rate of return (IRR), it didn't matter. In a 17% IRR
environment, however, those management fees will kill your
returns, so that's where a lot of the friction is coming from now.
When I started
in the venture business in 1983, our four limited partners were
the four largest venture funds in the country. Each had $100
million. The economic model was built along these lines: with $2
million dollars you pay your rent and your salaries and your
staff, and you don't make very much money. Now, when you run into
$1 billion and you're getting $20 million dollars in management
fees, some of these VCs are making $5 million and $10 million
salaries with no risk. That's the problem right now.
Mr. Burke: When you started, Jack, $100 million was the largest fund, now we have
multi-billion dollar funds. How has that changed your outlook?
Mr. Biddle: I've been pretty public that I don't think the economics work for an
investor in a billion dollar partnership.
Mr. Burke: Why not?
Mr. Biddle: Historically a $100 million profit on an investment was a once-a-career
event for a rock star venture capitalist. If you're running $2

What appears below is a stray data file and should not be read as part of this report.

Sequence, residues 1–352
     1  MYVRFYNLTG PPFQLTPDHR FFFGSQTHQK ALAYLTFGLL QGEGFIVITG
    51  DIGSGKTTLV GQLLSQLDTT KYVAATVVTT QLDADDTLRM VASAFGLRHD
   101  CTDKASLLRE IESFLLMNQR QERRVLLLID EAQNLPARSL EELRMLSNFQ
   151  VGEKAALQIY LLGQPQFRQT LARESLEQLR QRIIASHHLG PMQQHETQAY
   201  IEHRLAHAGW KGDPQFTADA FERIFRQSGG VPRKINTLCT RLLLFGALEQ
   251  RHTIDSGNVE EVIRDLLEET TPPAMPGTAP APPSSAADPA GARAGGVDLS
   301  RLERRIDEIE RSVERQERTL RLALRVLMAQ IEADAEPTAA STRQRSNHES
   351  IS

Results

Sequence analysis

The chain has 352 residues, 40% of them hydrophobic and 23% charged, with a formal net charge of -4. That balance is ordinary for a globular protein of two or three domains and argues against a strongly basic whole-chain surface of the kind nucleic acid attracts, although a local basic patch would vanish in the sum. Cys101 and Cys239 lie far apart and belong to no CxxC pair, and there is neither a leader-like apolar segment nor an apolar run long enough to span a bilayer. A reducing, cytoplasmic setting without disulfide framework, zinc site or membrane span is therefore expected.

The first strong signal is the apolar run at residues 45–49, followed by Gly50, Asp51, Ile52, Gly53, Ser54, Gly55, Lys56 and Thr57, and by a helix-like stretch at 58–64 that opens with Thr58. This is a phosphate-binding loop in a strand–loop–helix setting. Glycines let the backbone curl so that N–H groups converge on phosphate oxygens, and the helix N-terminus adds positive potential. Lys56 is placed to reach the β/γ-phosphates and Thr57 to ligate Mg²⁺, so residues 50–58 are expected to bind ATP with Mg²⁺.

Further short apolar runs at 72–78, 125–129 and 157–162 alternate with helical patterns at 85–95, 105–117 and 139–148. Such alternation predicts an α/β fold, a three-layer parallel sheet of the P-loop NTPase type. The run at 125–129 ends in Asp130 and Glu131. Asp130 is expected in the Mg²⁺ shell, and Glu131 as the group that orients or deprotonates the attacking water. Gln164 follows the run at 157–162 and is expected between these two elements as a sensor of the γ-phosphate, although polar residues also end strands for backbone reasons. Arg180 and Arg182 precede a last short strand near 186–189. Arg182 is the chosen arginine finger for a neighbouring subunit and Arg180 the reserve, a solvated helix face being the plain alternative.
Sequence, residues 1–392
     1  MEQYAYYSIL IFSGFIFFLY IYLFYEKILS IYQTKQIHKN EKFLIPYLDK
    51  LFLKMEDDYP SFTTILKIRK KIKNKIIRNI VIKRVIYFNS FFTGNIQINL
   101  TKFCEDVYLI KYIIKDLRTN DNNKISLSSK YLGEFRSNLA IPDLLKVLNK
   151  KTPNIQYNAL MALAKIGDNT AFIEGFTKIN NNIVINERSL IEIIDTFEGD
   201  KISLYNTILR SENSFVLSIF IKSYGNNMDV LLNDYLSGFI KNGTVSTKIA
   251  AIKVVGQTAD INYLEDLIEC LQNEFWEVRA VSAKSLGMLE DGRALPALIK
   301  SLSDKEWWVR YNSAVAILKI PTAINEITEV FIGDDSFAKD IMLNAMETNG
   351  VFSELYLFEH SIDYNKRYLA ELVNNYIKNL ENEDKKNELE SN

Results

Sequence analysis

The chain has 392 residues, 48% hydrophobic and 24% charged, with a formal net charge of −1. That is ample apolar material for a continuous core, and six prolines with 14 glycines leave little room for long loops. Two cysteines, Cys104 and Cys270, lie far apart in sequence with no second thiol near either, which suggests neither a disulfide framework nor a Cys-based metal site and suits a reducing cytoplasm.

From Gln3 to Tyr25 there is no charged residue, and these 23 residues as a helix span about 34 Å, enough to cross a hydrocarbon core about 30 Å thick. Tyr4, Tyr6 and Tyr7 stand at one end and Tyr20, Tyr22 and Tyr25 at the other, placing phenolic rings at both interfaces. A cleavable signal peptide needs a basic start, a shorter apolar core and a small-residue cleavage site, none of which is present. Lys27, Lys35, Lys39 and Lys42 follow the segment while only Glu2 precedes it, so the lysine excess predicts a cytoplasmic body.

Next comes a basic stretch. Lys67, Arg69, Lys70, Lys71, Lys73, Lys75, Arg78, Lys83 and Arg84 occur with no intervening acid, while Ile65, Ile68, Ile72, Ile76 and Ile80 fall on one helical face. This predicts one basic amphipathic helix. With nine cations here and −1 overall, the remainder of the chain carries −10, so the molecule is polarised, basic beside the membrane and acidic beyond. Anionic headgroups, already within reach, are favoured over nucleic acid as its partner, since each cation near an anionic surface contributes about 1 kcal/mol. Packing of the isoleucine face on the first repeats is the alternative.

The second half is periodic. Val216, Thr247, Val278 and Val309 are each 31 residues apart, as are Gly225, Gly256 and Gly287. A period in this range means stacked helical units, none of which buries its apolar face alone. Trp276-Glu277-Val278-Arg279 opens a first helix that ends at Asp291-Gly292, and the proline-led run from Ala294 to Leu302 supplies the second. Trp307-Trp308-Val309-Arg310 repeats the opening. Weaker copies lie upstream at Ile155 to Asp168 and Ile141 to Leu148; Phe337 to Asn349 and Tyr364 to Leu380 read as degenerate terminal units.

billion, you have to have 20 of those. Having these companies
bought for $2 billion, none of this stuff ever worked. They got
shut down. Historically, to make a billion dollars on an
investment, you had to invest in DEC in 1954 and hold it for 30
years. It just doesn't happen.
million fund is considered tiny. In fact, a lot of our limited
partners were saying that we should raise $400 million to be taken
seriously. With $125 million, I think I can make $25-$50 million
on a couple of deals and return capital, then have a couple more
deals that will generate the profits that people expect.
thing to understand with a group like VRS is that with $36 billion
they have a lot of options. They can buy Guatemala. They don't
have to invest in venture capital, so we have to outperform the
other investment options they have, and that's not easy to do. The
returns have been high, it's attracted competition, and
competition destroys profits. That's the hard part.
Mr. Burke: What about the LPs? George, you represent wealthy families. How do you
look at these $100 million funds in comparison to the
multi-billion dollar funds?
Mr. Wilcox: Over the years, we've been in probably 60 to 70 funds. Some of them are
the billion dollar funds. We don't mind placing money with the
billion dollar funds, because, if they're focused on later stage,
the rounds are typically much larger and it's easier to deploy a
fund that size. I would agree with Jack that if you're doing early